Fast forward through the decade to the pre-dawn hours of November 14th, to Yeagle Road in Eldred Township, a couple miles south of my home. There on an Inflection Energy well pad, just uphill from the nearby rural neighborhoods known as the Baxter and Hocker Developments, 63,000 gallons of frack fluid spilled onto the ground before anyone noticed that the tank into which they were transferring the fracking chemical soup (aka flowback) had topped out.  

To residents of nearby homes, drinking from their private water wells was suddenly a serious concern. Answers to their questions about the “event” were hard to come by, as Ralph explained in the lead story. Believing that fracking chemicals are just secret combinations of common substances used in make-up, swimming pools and dentist offices suddenly became a whole lot harder to ….uhhh…swallow, knowing that the chemicals had been spilled into nearby ground water and a small tributary that flows through the neighborhood before entering the Loyalsock Creek.  

Based on its mission statement, Inflection Energy is the company that claims to be “committed to protecting our operating environment” and to “highly value our relationships with landowners and communities, who are our partners in the efficient and orderly development of their natural resources.”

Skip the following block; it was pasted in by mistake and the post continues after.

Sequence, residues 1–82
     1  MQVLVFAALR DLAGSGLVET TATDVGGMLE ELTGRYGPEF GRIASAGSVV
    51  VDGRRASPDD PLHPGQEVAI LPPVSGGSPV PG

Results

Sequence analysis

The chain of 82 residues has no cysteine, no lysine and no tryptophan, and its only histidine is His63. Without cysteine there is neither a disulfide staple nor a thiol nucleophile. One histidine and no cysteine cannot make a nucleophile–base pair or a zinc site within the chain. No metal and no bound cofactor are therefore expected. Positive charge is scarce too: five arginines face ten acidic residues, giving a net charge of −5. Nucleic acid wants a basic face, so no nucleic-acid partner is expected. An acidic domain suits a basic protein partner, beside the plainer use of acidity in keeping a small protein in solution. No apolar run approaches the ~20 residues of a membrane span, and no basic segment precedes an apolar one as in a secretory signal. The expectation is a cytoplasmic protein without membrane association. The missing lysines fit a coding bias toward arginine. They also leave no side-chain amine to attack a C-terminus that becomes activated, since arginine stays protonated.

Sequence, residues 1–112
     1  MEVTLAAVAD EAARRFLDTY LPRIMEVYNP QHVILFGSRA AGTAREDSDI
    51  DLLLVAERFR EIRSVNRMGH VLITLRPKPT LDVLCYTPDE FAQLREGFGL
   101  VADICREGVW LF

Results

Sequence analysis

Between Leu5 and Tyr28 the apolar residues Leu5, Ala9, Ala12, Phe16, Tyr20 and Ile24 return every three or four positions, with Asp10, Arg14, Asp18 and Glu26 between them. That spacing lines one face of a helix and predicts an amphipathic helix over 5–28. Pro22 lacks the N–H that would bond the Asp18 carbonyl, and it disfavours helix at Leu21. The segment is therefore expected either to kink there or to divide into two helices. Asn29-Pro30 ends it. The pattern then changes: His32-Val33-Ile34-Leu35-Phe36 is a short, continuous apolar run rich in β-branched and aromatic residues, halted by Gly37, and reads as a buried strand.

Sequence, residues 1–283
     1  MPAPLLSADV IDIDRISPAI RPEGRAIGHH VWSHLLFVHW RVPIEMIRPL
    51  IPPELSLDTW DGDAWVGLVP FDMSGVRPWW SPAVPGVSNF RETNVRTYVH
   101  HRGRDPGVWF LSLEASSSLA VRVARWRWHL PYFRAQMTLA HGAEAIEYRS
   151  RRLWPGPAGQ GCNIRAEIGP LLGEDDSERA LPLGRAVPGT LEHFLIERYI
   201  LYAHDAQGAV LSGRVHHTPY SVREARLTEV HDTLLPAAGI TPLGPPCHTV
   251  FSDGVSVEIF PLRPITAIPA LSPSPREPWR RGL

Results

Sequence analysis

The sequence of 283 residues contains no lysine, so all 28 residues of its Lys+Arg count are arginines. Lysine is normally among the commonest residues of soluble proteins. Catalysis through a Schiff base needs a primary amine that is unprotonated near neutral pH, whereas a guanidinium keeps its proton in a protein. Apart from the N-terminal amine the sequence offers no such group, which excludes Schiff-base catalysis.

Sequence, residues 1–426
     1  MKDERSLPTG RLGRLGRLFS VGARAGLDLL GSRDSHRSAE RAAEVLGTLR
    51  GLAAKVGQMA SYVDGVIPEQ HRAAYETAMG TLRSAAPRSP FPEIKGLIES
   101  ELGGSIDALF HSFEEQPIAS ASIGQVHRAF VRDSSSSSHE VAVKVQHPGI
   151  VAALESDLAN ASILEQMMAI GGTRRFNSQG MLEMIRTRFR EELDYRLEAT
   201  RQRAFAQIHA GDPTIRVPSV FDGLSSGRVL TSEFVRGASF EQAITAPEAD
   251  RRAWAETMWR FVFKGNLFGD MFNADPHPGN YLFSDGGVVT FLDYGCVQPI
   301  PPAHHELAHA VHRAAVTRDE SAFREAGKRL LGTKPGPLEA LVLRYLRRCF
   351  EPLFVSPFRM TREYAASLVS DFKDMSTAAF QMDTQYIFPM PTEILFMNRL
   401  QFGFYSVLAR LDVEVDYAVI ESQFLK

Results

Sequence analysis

This frack fluid spill may be the worst violation, but this is certainly not the first time that Inflection’s “partnership” and “protection” deserves to be questioned. With its 52 active wells, Inflection has racked up 84 violations to date.  

When does the DEP cry, “Enough!” and stop issuing new permits to bad actors? For Inflection and every other operator in PA, that answer is, “Never.” No regulation exists to weed out the worst players in the shale game. Companies can simply pay the often “budget dust” fine and continue to conduct business as usual. Thus far, gas drilling companies in Pennsylvania have logged a total of 6,532 violations of existing regulations, 953 of which occurred here in Lycoming County.  

Is it any wonder that 15 countries, including Scotland, Switzerland, Ireland, France, Italy and Germany, now have a partial or complete ban on fracking due to “health concerns”?  

Is it any wonder that there is no drilling allowed in PA’s Delaware River basin, where the risk is too great to take a chance on the water supply for over 7 million people?  

Is it any wonder that PA’s neighbors to the north and south, the states of New York and Maryland, have issued complete moratoriums on drilling and fracking – choosing the health and safety of citizens over the inflated promises of job growth and quick infusion of cash into state and reelection campaign coffers?  

Is it any wonder that the company responsible for the recent 63,000-gallon frack fluid spill in a rural Lycoming County neighborhood is often referred to as Infection Energy?